20-20 Hindsight: looking back down the road to clinchville

As a diversion now that the Mets have settled into a quiet preparatory September where the results of the games are happily irrelevant, I've been trawling through Amazin' Avenue's archives from before this season started.  I wanted to remember: What did we think would happen this season?  How good did we think the 2006 Mets would be?  What did we get wrong; who surprised and who disappointed us?  Here are some highlights.

  • The Delgado trade was hailed as a good one by most here, but vocally disparaged by a few.  Delgado has had an off season by his usual standards, but he's still been a crucial addition.  Would the Mets be running away with the division with Mike Jacobs at first base?  I think not.
  • The Lo Duca trade got reactions ranging from disgust to mild positivity.  I think we've warmed to Lo Duca over the course of the season, and especially considering the injury to Castro we have to be glad to have him around.  The Mets could almost have used another catcher the way things turned out, as the team is now facing the (common) plight of having no hitting at all from its backup backstops.
  • Trading Seo for Sanchez drew a mixed but largely negative reaction (and I was among the most negative).  Duaner Sanchez surprised all of us as he turned into a dominant reliever, and despite the injury this trade now has to be rated one of 2006's great steals.  I'm eating some crow on this one.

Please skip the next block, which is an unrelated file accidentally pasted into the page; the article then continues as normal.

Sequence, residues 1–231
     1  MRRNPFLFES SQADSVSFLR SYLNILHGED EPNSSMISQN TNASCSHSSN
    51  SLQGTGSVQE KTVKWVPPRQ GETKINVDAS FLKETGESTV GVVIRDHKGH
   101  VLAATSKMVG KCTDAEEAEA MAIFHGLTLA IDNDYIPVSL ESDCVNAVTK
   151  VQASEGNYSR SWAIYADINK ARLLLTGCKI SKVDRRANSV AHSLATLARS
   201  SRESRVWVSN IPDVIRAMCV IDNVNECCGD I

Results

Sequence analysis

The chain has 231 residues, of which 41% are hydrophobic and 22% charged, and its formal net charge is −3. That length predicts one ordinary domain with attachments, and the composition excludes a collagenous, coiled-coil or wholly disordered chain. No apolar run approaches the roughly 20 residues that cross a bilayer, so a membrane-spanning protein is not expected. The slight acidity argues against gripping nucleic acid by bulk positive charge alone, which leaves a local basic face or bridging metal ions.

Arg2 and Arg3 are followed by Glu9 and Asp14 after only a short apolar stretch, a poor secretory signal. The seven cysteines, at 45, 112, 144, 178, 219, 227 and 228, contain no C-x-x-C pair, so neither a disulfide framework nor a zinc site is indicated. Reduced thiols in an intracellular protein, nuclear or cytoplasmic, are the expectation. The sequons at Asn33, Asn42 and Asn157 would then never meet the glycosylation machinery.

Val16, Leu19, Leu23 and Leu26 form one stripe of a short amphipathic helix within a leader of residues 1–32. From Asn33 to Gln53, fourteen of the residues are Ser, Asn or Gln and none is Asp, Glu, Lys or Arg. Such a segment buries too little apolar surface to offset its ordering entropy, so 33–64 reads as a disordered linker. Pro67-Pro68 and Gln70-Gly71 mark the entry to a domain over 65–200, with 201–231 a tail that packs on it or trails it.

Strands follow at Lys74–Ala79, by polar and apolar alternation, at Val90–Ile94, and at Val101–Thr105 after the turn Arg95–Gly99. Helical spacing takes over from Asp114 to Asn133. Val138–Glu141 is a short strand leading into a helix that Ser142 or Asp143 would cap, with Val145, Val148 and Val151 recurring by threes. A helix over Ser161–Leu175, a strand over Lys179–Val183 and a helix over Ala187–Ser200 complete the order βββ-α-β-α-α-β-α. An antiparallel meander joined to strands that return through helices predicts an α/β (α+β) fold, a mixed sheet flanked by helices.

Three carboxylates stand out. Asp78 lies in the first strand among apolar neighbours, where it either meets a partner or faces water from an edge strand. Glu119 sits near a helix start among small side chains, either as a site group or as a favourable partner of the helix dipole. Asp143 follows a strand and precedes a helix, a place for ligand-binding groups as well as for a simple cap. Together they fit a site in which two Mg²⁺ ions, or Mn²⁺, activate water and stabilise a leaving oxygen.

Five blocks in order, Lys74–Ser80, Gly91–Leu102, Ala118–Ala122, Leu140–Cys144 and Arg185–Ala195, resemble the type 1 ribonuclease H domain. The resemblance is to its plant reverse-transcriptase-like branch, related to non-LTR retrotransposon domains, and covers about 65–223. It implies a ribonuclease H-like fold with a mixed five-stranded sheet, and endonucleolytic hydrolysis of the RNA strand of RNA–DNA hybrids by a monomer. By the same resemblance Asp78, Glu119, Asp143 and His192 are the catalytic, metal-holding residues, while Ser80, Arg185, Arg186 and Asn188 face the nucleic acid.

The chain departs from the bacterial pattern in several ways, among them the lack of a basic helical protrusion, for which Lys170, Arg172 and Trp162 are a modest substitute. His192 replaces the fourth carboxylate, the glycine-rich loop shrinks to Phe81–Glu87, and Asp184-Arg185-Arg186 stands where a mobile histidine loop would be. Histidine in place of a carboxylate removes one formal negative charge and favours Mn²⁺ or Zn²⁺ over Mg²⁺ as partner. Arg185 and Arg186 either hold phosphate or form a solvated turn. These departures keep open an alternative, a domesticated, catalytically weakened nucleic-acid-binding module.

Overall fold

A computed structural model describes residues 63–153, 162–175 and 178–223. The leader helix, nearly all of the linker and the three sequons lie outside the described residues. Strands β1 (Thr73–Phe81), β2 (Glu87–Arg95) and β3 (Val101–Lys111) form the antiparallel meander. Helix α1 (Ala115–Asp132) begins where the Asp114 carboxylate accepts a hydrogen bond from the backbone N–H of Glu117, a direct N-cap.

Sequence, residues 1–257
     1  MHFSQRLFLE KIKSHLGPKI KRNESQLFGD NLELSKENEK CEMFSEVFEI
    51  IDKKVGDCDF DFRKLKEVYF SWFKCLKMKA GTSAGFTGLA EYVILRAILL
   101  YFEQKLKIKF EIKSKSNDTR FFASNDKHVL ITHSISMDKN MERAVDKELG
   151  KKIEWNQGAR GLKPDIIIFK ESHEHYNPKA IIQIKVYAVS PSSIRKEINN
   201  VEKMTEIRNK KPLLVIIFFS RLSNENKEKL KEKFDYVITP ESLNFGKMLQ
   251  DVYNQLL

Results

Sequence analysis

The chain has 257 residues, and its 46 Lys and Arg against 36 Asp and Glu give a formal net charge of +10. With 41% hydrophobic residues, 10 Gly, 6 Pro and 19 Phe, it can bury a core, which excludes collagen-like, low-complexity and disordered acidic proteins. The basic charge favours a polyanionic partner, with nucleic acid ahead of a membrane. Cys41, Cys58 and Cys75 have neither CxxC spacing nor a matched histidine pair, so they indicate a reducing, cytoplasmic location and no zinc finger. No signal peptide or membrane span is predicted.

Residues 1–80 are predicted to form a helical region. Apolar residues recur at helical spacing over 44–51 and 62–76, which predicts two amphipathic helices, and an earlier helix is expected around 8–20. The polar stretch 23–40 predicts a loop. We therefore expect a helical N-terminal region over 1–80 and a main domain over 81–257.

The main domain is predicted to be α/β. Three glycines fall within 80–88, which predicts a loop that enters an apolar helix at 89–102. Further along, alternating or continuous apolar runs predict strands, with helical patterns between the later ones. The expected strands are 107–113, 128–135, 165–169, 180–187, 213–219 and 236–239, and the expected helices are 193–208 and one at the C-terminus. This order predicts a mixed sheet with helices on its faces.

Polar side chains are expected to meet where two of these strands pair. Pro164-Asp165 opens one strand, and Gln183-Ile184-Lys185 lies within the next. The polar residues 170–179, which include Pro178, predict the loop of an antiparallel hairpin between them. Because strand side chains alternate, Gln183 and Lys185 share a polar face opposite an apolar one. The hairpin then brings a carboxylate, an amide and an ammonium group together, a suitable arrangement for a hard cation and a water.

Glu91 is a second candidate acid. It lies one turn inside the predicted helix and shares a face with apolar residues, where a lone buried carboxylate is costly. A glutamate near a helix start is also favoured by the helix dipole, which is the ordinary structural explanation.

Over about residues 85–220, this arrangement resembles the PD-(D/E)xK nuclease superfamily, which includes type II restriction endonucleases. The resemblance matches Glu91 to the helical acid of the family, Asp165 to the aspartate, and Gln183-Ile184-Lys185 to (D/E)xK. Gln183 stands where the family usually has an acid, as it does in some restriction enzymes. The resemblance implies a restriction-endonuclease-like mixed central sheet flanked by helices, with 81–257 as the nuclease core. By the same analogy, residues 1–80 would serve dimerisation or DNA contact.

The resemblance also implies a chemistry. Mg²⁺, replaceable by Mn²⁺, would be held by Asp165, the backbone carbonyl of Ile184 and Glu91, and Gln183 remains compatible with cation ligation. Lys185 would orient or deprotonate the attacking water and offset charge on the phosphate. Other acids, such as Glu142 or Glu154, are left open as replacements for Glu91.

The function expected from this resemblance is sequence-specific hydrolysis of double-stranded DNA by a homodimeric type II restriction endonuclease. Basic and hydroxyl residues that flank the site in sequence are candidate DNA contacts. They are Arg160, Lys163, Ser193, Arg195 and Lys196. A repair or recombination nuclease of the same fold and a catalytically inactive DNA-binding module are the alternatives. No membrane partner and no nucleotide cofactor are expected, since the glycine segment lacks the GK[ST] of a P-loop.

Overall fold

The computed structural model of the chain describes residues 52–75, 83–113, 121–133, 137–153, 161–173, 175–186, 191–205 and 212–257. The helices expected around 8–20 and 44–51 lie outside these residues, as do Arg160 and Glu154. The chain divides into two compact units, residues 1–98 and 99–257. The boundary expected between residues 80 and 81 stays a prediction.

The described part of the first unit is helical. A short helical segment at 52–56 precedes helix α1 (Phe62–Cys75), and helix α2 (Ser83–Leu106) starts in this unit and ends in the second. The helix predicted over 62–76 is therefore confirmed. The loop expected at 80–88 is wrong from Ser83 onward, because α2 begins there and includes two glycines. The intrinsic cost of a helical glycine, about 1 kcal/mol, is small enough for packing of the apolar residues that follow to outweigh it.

• Moving Kris and Anna Benson for John Maine and Jorge Julio got a mixed reaction, largely based on multiple interpretations of the trade: salary dump, wife swap, or baseball move?  Given how well Maine has worked out for the Mets this trade, too, deserves to be seen as a good one in hindsight.  Benson might have been useful in the rotation, but Maine plus El Duque (soon acquired in exchange for Julio) plus significant salary relief make the deal a net positive for the team.
  • We had no idea who would play second base in spring training, and indeed, into the early season.  Jose Valentin is one of the biggest comeback stories in all of baseball, and picking him up was an absolutely great move by Omar Minaya, a "little" pickup that turned into a keystone of a powerhouse lineup.

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